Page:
Linux and OpenSource

On these pages I will try to explain what Linux is, describe my experience with different Linux-based systems, and explain why I find the world of OpenSource software so intriguing. Some other pages are concerned with different issues regarding the configuration of various software packages under Linux, and I also have a Linux security page, although it currently holds only a single report I have written on the subject.

What is Linux?

Linux is the kernel for a computer operating system, originally written by Linus Torvalds while he attended the University of Helsinki. Linus released the source code for his kernel under the terms of the GNU General Public License in 1991, and since then thousands of developers from all over the world has contributed, turning Linux into a huge achievement in OpenSource (and in the public, probably the most well known).

Although the term Linux mainly refers to the Linux kernel, it is now commonly used to describe entire Unix-like operating systems, consisting of the Linux kernel and an overwhelming amount of system utilities and libraries, a lot of which are developed by GNU, mainly for the GNU/Hurd operating system. Richard Stallman, founder of the Free Software Foundation, argues that these systems should be called GNU/Linux-systems.

If you want to run Linux, you will not get far by only downloading a kernel. What you need is a Linux distribution.

What is a Linux distribution?

A Linux distribution (also known as a distro) is an entire Linux-system, comprising the needed kernel, libraries, utilities and applications. To get your feet wet, you could try one of the LiveCD distributions, which can run off a bootable CD without the need to install anything on your computer. Examples of LiveCD distributions include Knoppix and the amazing Ubuntu which is becoming very popular due to the easy of use (and configuration).

Of course you can also install a Linux distribution on your harddrive, giving you all the benefits of these systems, and providing better support for customizing and saving work on your system.

Which distribution to choose is not always an easy question to answer. Some of the popular distributions are MandrivaLinux (previously known as Mandrake), Debian GNU/Linux, the Fedora Project (an offspring of RedHat Linux), SUSE Linux (which has been acquired by Novell), Ubuntu (which has been gaining a lot of popularity lately, due to the effort of making a Linux distribution with the emphasis on easy installation and configuration), and my personal favorite: Gentoo Linux. Although I have my own choices of distros for different occasions, I urge you to check out your options before choosing a particular distribution. You can find a lot of information regarding different Linux distros at http://distrowatch.com/.

My experience with Linux has taken me through a couple of different distributions. I started out using RedHat Linux, since this was the distribution of choice, both at Ostenfeld Kollegiet (dormitory), as well as at The Technical University of Denmark when I first started using Linux. At this time I was running RedHat 4.2. I also tried out Mandrake Linux, which was at that time based on RedHat, but provided some extra applications. When RedHat decided to focus their efforts on their Enterprise Linux, and dropping support for their 7.3-version, I decided to switch to Gentoo.

Gentoo is a little different from most other Linux distributions, in that it is a source-based distribution. In essence this means that you normally compile all (or most) of the software yourself, allowing it to be optimized for a particular hardware setup. Although this may sound like a lot of work, I think the Gentoo developers have done a fabulous job of making this kind of distribution easy to use. The installation and upgrading of the software is achieved with a few simple commands, but of course the work for the computer is a different story alltogether. The compilation of everything from source can easily take hours, or even days, when you setup a Gentoo system. I consider Gentoo a power-user Linux distribution, allowing extremely many aspects of the software compilation to be tweaked to your likings, but unfortunately this also occasionally means that you have to spend some time getting a few wrinkles ironed out when upgrading your system.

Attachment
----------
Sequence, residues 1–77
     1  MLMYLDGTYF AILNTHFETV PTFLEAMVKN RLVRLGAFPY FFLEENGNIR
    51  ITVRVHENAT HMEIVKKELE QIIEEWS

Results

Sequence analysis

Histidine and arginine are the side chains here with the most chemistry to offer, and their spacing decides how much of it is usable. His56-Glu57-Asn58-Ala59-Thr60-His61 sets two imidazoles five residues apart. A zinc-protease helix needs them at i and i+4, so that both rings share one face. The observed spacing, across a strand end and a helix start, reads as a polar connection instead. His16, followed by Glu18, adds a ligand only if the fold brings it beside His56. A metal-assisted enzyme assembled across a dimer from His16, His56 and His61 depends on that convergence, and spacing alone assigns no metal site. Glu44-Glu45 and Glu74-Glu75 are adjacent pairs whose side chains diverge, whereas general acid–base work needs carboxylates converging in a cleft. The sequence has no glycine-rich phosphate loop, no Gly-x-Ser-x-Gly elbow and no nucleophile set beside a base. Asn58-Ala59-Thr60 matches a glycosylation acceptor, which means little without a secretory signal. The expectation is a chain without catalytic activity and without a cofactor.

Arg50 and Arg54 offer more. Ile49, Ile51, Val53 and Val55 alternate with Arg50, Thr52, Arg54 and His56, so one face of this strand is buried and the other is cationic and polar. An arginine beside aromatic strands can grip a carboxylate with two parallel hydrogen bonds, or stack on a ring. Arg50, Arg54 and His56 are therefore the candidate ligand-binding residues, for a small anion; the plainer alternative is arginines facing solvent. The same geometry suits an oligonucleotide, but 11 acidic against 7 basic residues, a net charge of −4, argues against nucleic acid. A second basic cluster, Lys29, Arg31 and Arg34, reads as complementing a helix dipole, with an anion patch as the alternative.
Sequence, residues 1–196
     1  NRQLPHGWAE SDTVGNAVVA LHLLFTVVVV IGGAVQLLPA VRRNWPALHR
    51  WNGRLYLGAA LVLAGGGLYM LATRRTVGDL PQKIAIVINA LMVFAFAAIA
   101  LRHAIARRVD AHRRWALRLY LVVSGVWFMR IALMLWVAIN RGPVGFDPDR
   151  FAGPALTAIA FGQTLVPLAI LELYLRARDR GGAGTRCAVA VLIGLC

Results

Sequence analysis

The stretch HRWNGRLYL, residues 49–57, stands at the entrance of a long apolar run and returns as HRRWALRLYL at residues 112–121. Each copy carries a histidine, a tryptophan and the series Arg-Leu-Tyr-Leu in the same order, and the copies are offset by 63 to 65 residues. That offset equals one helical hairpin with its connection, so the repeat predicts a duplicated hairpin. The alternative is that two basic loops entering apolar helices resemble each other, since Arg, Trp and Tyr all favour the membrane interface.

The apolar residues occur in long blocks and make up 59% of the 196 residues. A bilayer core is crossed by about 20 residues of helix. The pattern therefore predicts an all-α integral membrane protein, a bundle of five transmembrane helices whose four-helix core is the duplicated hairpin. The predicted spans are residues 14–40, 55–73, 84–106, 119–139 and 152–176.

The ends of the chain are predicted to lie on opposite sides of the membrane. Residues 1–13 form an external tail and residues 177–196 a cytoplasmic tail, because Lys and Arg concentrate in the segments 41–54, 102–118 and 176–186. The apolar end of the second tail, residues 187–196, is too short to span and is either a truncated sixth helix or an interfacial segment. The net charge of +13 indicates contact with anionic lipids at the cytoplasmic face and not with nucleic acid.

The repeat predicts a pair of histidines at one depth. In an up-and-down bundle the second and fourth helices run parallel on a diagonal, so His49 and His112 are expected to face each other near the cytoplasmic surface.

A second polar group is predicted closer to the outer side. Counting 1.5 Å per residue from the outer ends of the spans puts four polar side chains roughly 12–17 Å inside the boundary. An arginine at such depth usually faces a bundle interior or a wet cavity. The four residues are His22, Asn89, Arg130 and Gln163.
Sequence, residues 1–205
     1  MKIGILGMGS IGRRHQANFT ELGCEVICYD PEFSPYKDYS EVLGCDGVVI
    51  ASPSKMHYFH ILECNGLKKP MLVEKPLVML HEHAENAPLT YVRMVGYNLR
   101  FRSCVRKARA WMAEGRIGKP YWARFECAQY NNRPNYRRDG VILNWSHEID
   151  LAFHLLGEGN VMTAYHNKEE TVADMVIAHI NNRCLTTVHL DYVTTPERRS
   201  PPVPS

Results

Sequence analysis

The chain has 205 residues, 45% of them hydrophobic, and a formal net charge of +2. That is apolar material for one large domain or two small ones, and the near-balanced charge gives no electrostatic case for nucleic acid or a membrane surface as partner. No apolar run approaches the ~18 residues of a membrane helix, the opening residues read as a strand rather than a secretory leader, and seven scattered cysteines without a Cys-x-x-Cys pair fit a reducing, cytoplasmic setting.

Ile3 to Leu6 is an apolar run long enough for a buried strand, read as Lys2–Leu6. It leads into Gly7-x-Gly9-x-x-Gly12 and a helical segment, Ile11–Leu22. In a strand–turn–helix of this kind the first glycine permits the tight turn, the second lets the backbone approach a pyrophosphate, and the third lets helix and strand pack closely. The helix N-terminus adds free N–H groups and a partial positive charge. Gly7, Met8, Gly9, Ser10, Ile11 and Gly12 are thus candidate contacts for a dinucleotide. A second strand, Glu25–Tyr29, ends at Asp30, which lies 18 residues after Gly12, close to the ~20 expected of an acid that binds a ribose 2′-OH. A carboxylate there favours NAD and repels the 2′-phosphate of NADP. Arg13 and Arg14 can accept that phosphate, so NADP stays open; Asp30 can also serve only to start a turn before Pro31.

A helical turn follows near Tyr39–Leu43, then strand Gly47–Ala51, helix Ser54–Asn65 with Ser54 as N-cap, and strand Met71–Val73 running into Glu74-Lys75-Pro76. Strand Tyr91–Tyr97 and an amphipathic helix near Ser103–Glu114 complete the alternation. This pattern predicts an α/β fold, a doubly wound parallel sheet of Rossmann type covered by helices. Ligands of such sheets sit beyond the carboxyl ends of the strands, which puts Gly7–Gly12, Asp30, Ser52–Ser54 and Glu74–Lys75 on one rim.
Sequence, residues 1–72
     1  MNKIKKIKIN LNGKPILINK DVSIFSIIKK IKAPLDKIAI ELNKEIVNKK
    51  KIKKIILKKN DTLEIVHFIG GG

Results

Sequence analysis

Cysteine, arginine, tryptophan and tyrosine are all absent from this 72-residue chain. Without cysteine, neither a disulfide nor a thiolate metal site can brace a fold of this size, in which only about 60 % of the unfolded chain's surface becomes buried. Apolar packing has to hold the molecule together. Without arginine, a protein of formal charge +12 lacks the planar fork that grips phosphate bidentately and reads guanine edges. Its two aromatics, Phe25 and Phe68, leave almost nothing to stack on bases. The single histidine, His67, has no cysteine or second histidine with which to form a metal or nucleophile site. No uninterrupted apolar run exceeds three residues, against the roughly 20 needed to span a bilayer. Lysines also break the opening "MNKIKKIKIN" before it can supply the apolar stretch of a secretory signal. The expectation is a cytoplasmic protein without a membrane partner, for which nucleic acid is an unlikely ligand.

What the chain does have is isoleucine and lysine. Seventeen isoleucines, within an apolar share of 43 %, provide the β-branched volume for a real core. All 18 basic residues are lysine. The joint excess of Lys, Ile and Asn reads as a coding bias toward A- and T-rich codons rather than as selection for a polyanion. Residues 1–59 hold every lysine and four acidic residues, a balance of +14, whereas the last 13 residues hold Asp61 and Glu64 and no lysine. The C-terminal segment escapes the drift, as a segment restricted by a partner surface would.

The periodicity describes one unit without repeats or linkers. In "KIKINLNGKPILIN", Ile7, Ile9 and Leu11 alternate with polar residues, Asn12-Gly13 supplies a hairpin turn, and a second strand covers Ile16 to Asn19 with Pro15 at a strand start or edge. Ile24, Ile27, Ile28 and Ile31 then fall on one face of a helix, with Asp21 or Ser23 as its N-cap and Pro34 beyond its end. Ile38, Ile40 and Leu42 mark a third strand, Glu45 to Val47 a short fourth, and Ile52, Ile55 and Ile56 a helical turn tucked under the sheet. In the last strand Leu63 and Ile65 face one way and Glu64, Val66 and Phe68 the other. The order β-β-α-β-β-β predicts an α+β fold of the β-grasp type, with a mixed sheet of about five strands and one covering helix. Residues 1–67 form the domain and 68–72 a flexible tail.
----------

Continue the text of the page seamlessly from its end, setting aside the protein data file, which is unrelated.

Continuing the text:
For this reason (as well as the compilation time), I prefer using Gentoo on desktop and other non-critical systems (such as my arcade machine SpiffMAME and my MythTV-based PVR SpiffPlayer), while I have gone with Debian as my distribution of choice for servers. Debian has a stable branch, which is extremely thoroughly tested, and although this means older versions of most of the software (and hence fewer features), I find that stability is of paramount importance on servers, so this is the way I have chosen to go. Although old versions may sound scary in terms of security updates, the Debian developers do an outstanding job of providing security updates, so this is not an issue.

Why is Linux better than other systems?

Well, first of all, who told you that Linux is better? I really think it depends on the situation. That being said, I do think Linux and other OpenSource-solutions can often provide a better system. I consider the main hurdle towards being able to use Linux and other open system everywhere to be mainly related to the interoperability. This is closely related to large software vendors success in locking in the users, and forcing them to rely on proprietary software solutions. I find it all too common to receive e-mails with attachments in Microsoft Word or Excel formats, although the information could just as easily have been in plain-text. In essence they are expecting me to pay several hundred dollars for an office application suite (or use pirated software), just so I can see how nicely they have changed the font of the title of a document.

In this respect the main problem is the education of other users, and the only thing that I can do about it is to tell those people that I prefer to use other alternatives, such at OpenOffice (which, by the way, has allowed me to open many of these documents anyway, but it is still quite annoying to be forced to start a word processor to get a simple "hi"-message). These problems of interoperability basically boils down to having people understand and support open standards, which is unfortunately not always possible, e.g. in companies etc.